I was pretty lucky to receive a living-donor kidney, spend only two days in the hospital following the transplant surgery, and have no complications after that. Many transplant recipients spend days or even weeks in the hospital post surgery, suffer from rejection episodes, and endure infections.
A recent study found that “most renal transplant recipients require at least one hospitalization after transplantation surgery, and infections are among the most common reasons.” Apparently, most of the hospitalizations occur within the first six months after surgery, and the usual stay is three days.
The study showed that infections were the cause of 60% of these early post-surgery hospitalizations. Urinary tract and skin and soft tissue infections were the most common infections. Renal complications, such as a rejection episode, were a factor in 48% of hospitalizations, and post-surgery wound complications accounted for 19%.
At one month after surgery, 22% of recipients were hospitalized, and 43% were hospitalized by one year. Over 51% of the 285 kidney transplant recipients in the study had a least one hospitalization.
Some of the risk factors that are more likely to result in hospital readmission following transplant surgery are clear. A pre-transplant diagnosis of diabetes mellitus and diabetic nephropathy (kidney disease caused by diabetes) that results in the need for the transplant were associated with a twofold increased risk for infection-related hospitalization. Urologic abnormalities increased the risk for hospitalization by a whooping 86%. Having a graft (transplanted kidney) rejection episode shortly following the transplant surgery doubled the risk for hospitalization later.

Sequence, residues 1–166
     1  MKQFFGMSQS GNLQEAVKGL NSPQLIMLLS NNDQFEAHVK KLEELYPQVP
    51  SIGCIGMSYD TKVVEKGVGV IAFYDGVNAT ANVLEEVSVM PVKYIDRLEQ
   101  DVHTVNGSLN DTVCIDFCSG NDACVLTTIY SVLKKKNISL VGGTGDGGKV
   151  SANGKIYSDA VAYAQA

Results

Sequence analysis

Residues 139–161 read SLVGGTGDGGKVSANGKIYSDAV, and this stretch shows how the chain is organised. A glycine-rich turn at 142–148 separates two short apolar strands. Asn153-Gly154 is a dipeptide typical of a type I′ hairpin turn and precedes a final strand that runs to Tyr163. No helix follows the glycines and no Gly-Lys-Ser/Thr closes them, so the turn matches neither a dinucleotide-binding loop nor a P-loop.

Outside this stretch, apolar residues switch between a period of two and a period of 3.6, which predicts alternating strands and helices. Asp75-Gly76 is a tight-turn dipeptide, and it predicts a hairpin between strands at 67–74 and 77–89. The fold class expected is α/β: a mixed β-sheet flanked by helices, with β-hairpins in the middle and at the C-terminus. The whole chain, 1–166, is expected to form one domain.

By knowing which patients are more likely to require post-transplant hospitalization (those with diabetes, urologic abnormalities, or who suffer a rejection episode), clinicians can keep a closer eye on them. These high-risk patients could have lab tests and office visits more frequently during the first year following transplant surgery. This could reduce complications and cut hospitalization costs and scares.